The story behind Air Tanzania plane seizure in South Africa

One of the Air Tanzania planes flies. Long-haul flights business promises profit in the near future. PHOTO | FILE

What you need to know:

  • The retired farmer’s lawyer, Mr Roger Wakefield, of Werksmans Attorneys, was quoted by Reuters at the weekend saying that his client, an elderly farmer was owed $33 million, including interest, in compensation from the Tanzanian government after his land in the country was expropriated several decades ago.

Dar es Salaam. Fresh details have emerged on a decades-long legal tussle between the Tanzanian government and a retired white farmer that led a South African court to order the seizure of an Air Tanzania Company Limited (ATCL) jetliner in Johannesburg last weekend.

According to documents The Citizen has obtained, the investor at the centre of the 37-year-old saga is one Hermanus P. Steyn – formerly the owner of Arusha-based Rift Valley Seed Company Limited, which the government nationalised in 1982, sparking a protracted battle for compensation.

On Sunday night, the Chief Government spokesperson, Dr Hassan Abbasi, confirmed in an interview with state broadcaster TBC1 that the Airbus 220-300 was caught in a legal case that dates back to the 1980s, involving a South African farmer whose farm and other properties were nationalised by the government.

“The government and the farmer agreed on nationalising (the properties), however, the issue that arose was compensation. It came to a point where both parties agreed and the farmer was paid a certain amount during the fourth phase government,” said Dr Abbasi.

The retired farmer’s lawyer, Mr Roger Wakefield, of Werksmans Attorneys, was quoted by Reuters at the weekend saying that his client, an elderly farmer was owed $33 million, including interest, in compensation from the Tanzanian government after his land in the country was expropriated several decades ago. The farmer was subsequently awarded the compensation in arbitration, he said.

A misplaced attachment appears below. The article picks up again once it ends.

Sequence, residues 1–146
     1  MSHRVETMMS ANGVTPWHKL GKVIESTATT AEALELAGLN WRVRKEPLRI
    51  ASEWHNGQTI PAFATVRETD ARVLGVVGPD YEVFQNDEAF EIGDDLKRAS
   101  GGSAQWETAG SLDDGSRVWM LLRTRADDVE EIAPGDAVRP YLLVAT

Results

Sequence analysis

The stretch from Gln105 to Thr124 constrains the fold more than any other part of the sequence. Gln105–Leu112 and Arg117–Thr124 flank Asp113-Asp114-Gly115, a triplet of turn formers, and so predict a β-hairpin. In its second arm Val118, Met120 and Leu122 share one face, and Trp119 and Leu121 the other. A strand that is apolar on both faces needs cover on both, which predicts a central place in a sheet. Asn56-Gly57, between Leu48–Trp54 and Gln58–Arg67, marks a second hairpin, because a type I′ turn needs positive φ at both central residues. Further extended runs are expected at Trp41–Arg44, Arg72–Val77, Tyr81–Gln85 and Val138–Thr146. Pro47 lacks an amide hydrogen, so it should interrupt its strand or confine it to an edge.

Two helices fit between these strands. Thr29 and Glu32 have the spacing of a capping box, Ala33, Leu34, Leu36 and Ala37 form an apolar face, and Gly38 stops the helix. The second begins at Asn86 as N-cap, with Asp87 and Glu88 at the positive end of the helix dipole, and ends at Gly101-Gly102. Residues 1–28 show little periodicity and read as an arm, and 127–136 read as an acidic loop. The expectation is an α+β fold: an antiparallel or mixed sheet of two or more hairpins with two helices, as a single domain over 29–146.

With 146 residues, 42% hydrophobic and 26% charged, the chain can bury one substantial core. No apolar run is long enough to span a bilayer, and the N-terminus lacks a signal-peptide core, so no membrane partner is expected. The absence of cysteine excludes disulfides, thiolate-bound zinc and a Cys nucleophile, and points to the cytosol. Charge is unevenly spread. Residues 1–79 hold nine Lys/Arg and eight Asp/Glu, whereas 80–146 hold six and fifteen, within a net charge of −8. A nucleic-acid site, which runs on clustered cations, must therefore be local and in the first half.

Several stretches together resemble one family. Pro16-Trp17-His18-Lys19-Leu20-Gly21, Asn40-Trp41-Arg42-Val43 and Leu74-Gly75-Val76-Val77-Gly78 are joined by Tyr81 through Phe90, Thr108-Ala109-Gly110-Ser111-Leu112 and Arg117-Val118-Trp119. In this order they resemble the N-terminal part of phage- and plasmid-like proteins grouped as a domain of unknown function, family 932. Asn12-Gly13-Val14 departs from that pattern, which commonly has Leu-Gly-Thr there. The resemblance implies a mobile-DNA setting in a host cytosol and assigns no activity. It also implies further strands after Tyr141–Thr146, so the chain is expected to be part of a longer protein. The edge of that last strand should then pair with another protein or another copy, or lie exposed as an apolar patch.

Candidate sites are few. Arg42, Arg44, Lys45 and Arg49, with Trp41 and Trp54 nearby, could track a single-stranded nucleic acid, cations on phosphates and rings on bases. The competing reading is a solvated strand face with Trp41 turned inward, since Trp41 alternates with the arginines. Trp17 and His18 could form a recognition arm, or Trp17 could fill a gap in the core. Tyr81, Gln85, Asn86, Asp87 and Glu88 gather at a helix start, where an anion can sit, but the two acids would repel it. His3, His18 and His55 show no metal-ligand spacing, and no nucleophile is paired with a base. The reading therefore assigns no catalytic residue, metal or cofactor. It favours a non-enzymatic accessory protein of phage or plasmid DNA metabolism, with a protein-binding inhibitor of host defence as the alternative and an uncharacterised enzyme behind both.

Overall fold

The plane was chosen because there is evidence it is owned directly by the Tanzanian government and its value is commensurate with the amount owed to the farmer, who was born in Namibia, he said.

Mr Wakefield said the only way Tanzania could secure the release of the plane was if it put up security or paid the debt. Dr Abbasi said there was still room for Tanzania to appeal the court ruling after the farmer applied for the enforcement of foreign arbitration award.

“Our team of lawyers is working on this and this plane shall soon resume work as normal,” he said.

It has emerged that negotiations began as early as January 17, 1982 when the takeover of the properties was effected.

Both Mr Steyn and the government of Tanzania presented their teams who conducted a valuation of the property and presented their findings.

Documents show that MS Donald Vicent Company acting on behalf of Mr Steyn presented a claim amounting to Sh373 million.

Negotiations between the two parties did not begin in earnest until the government team completed its work on May 24, 1984. Their report was submitted to the minister of Finance in June 1984.

The report showed that Mr Steyn’s demands of hundreds of millions of shillings were unrealistic, and the team made suggestions on what he should be compensated.